Colton must find The Wife! And that is not to be confused with The Wife, the movie starring Glenn Close (soon-to-be Oscar winner). As he valiantly searches for his one and only, though, he's discovering that "wife material" is actually a tall order. So, incidentally, are the women around him. The rose-colored (heh) glasses have been removed, placed on the ground, and smashed. Yup, this show isn't as fun as advertised! Yes, you'll go to Thailand, Singapore, and Vietnam in less than a month, but you'll also be faced with questions like: What does it mean to be "ready" for marriage? And why is it that after five episodes, the remaining women are mostly blondes?
Two women went home outside of the rose ceremony this week, leaving Colton shaken. His women are leaving him now — last week, Elyse went home, and this week, Sydney leaves too. She complained that Colton was getting distracted by "shiny objects." If that's what he wanted, she pointed out, then he probably didn't want her. She's doing painful but accurate math, here, realizing that Colton's preferences likely lean in the direction of a 22-year-old blonde like Heather, Cassie, Hannah B., or Hannah B.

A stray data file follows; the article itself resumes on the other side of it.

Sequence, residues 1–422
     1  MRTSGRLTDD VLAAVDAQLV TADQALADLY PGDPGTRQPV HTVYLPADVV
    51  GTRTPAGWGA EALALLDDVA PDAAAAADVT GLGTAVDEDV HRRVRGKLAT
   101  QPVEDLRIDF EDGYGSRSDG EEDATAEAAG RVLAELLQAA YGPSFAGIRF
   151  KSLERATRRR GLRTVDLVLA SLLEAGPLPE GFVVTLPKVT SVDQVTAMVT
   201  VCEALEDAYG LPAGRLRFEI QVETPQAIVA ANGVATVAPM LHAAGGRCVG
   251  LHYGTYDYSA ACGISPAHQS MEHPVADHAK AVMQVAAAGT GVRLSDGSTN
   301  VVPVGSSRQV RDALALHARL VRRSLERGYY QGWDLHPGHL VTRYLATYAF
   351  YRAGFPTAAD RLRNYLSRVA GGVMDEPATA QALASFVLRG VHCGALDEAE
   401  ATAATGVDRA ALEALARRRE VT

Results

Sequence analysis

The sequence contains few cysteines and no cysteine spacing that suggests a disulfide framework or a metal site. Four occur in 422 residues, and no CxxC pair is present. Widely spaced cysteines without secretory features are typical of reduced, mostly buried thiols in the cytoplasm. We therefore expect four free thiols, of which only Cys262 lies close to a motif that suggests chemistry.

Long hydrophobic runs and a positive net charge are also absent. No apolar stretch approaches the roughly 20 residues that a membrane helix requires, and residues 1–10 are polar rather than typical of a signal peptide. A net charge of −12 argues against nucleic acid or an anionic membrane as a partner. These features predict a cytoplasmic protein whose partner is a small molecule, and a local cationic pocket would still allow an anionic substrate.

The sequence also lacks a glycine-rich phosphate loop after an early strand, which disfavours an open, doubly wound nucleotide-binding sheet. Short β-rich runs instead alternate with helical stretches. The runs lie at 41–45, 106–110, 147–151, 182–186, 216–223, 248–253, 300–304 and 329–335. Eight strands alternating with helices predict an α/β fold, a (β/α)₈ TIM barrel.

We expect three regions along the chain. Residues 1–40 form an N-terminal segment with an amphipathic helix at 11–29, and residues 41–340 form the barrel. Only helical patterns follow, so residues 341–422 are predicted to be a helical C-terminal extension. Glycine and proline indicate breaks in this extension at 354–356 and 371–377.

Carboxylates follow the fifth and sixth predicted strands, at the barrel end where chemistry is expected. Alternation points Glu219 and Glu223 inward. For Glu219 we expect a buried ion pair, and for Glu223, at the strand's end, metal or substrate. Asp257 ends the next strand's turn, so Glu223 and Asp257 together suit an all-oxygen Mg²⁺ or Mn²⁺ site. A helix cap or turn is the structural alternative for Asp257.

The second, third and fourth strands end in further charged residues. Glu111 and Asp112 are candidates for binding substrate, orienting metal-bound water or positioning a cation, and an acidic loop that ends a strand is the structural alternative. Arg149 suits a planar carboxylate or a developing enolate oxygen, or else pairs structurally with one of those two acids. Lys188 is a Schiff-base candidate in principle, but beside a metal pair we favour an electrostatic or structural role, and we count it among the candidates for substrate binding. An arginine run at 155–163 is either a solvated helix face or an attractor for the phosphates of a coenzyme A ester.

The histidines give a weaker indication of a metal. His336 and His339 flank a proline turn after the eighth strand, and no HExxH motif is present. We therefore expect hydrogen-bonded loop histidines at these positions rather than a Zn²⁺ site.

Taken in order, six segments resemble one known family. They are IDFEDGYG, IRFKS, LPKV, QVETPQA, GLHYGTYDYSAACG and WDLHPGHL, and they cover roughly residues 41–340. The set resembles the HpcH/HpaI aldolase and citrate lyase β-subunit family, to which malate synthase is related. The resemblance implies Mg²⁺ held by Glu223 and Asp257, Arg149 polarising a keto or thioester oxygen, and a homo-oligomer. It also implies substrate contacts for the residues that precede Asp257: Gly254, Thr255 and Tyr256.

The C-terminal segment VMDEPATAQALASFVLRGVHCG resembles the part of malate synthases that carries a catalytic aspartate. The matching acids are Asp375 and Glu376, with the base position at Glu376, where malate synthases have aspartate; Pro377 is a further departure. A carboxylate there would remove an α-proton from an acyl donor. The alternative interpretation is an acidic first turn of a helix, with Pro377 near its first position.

“You’re making safe choices with the people you are pursuing," she says. Sydney could also be talking to ABC, really — this show could have done with someone not so safe as Colton, but here we are, talking about virginity, first kisses, and more virginity.
Demi also went home mid-episode, but in her case, Colton himself asked her to leave. During an unorthodox rendezvous, she told Colton that she was falling in love, and he simply couldn't match her confident assertion. Remember, Colton is searching for a wife. Demi just wasn't "it" for him.
Separately, perhaps these departures wouldn't have been so devastating. But each one comes with a warning. Demi and Sydney both warn their Bachelor that the girls remaining might not be what he wants.
"There’s certain girls here who seem like a safe choice, but at the end of that it’s not going to be safe," Demi cautions. "And you’re not going to end up happy in the long run."
The Bachelor usually question his decision mid-season, just as the girls in the periphery start to leave the equation. For every season, there are usually only four or five contestants that actually seem like a feasible match for the lead. The first five episodes are silly dilly-dallying while the Bachelor decides who among the wild cards is actually worth his time. Then, in the middle of the season, the women who seemed outside of the Bachelor's range start to drop off, leaving him with the women he's always wanted. But wait — is this really what he wants? Call it a crisis of faith. Or a mid-show crisis. Colton's breakdown is more visible because his contestants are savvier. His season is, after all, the closest we've been to having Gen Z-ers on the show. (The youngest was born in 1996.)